401(k) Benefits May be Real Liabilities

And By: Samson R. Elsbernd
401(k) retirement savings plans and similar defined contribution plans generally shift retirement plan risks from employers to employees. However, a recent Supreme Court Case decided this past February, LaRue v. DeWolff, Boberg & Associates, could make 401(k) defined contribution plans riskier for employers.

Defined Benefit Plans v. Defined Contribution Plans
Employers generally offer employees one of two types of retirement plans: defined benefit plans or defined contribution plans. Defined benefit plans provide a set retirement income, which is usually related to the number of years worked and employee compensation. On the other hand, defined contribution plans, also called individual account plans, provide payment according to the individual employee’s retirement account, which depends upon the amounts contributed and the performance of that account. 401(k) retirement savings plans are popular defined contribution plans.

Previously, the Supreme Court, in Massachusetts Mutual Life Insurance Company v. Russell, ruled that an employee could not sue the fiduciary of her plan (her employer) under ERISA (Employee Retirement Income Security Act of 1974) for breach of fiduciary duty concerning a defined benefit retirement plan. However, the Supreme Court recently allowed an employee to sue his employer under ERISA for fiduciary breach concerning his defined contribution plan.

Employees Can Sue Their Employers Regarding Their 401(K) Plans

In LaRue v. DeWolff, Boberg & Associates, the United States Supreme Court clarified that ERISA authorizes individuals to sue and recover for fiduciary breaches that impair the value of the retirement plan assets in the employee’s individual account. LaRue, the employee, sued his employer regarding his 401(k) retirement plan. His plan provided procedures and requirements that enabled individual plan participants to direct the investment of their contributions. LaRue alleged that he directed his employer to make investment changes in his individual account that the employer did not make. Consequently, he claimed his individual retirement account suffered a loss of $150,000 in interest (the Court record did not state whether the loss of interest was a decline or an increase in the value of the assets in the plan). LaRue argued that his employer should cover the loss, and the Supreme Court said LaRue could sue for this fiduciary breach under ERISA. The Court allowed the lawsuit to continue because fiduciary employer misconduct could reduce the benefits available under the retirement plan in the defined contribution system, whereas administrator misconduct in a defined benefit plan will not affect the retirement benefits unless the misconduct causes a risk of default for the entire plan.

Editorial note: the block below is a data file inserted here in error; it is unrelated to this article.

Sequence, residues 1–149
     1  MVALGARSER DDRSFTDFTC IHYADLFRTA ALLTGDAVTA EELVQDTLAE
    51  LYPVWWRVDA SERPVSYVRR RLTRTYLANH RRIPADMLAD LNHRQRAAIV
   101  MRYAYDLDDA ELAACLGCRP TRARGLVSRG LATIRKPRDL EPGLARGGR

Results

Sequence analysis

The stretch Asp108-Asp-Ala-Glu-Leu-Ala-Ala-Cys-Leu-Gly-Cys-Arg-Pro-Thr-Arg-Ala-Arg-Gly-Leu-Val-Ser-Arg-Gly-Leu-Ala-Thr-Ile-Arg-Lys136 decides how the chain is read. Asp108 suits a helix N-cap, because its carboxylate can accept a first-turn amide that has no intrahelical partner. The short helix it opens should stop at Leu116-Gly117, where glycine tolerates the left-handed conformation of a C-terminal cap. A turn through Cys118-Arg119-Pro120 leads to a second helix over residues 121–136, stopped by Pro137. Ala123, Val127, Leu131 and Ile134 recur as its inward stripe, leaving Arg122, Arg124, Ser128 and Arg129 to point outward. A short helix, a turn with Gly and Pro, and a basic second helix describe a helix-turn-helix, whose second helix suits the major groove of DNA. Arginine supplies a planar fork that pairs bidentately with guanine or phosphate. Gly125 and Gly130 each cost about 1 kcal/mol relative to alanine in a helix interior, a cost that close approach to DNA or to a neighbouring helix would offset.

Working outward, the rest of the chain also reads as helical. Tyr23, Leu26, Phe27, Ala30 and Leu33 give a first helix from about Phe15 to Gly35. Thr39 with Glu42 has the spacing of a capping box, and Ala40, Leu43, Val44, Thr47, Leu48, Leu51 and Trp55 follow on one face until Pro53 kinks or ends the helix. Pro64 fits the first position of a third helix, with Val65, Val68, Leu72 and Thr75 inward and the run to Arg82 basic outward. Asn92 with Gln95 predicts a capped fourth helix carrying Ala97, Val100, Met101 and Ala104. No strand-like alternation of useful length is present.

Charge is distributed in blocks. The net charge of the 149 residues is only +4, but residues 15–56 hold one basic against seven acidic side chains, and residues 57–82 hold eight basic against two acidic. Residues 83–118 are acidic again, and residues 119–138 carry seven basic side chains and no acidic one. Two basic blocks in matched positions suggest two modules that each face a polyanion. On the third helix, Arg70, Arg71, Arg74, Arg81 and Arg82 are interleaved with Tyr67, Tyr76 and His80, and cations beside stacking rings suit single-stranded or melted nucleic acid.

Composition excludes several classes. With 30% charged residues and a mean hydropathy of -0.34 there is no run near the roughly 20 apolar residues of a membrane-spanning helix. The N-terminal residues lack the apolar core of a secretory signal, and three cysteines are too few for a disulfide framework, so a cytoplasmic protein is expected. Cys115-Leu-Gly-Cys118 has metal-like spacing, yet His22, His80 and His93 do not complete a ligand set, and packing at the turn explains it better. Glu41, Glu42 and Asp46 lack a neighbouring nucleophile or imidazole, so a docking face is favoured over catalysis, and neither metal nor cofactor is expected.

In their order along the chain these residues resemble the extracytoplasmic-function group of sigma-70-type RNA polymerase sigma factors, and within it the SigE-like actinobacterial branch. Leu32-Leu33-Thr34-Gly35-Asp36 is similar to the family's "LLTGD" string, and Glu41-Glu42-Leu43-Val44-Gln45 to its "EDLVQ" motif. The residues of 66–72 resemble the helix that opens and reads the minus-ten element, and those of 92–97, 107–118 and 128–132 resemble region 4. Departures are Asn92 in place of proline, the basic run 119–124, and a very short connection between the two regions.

LaRue Might Not Be Able To Recover
LaRue might not be able to recover from his employer even though the Supreme Court allowed him to sue. The case will now go back to the trial court, where LaRue has to prove 1) the fiduciary (employer) had breached its obligations, and 2) the breach had a detrimental effect on LaRue’s plan. The Supreme Court merely said employees could sue their employers for fiduciary breaches related to their 401(k) plans. The Court did not consider whether LaRue correctly followed the procedures and regulations of his plan, whether LaRue must exhaust all other remedies provided for in his plan before suing for the fiduciary breach, or whether LaRue started his lawsuit and asserted his rights early enough to get relief from a court. Lessons From LaRue Employers choose defined contribution plans because of their advantages over defined benefit plans, including less regulation and fewer administrative costs. Additionally, defined contribution plans give employees more control over their retirement, especially in an increasingly mobile job market. Perhaps more important to employers, defined contribution plans shift several risks of defined benefit plans from employers to employees, including the dangers of employees outliving the accumulated assets (longevity risk) in the plan and accumulating insufficient assets (investment risk).

The landscape has now changed again and some risk has been shifted to employers who offer defined contribution plans. Now that employees can sue their employers for mismanaging their 401(k) retirement plan accounts, these retirement plans are riskier than defined benefit plans with respect to lawsuits for fiduciary breaches. For example, employers may be susceptible to lawsuits by disgruntled employees whose retirement plans did not grow as large as the employee had hoped. To better defend themselves against this risk, employers should make sure they understand their fiduciary obligations under ERISA and consider having a qualified investment advisor under contract to perform some or all of those obligations. In addition, documentation will be critical in the event of a lawsuit, so employers should keep notes and records of all activity and discussions regarding changes in their employees’ plans. Though these suggestions will not prevent an ERISA, they will help defend against such a claim if one is made.

Wilke, Fleury, Hoffelt, Gould & Birney, LLP Labor & Employment Newsletter, August 2008, Volume 11, Issue 3